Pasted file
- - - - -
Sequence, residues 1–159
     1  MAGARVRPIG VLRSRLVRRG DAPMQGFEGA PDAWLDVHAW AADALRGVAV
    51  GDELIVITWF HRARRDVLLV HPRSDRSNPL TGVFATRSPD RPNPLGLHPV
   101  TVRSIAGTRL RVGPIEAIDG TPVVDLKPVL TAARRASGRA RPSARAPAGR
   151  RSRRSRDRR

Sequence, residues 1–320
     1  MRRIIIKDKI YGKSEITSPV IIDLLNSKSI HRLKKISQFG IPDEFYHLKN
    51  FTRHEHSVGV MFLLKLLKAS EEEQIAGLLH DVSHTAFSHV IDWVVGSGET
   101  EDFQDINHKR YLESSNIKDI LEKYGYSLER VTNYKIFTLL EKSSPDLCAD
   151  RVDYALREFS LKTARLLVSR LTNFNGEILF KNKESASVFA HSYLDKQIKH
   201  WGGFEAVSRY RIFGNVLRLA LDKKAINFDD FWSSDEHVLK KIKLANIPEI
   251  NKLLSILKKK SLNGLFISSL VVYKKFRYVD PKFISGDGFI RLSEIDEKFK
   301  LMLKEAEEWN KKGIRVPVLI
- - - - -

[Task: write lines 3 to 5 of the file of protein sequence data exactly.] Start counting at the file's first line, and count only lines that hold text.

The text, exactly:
    51  GDELIVITWF HRARRDVLLV HPRSDRSNPL TGVFATRSPD RPNPLGLHPV
   101  TVRSIAGTRL RVGPIEAIDG TPVVDLKPVL TAARRASGRA RPSARAPAGR
   151  RSRRSRDRR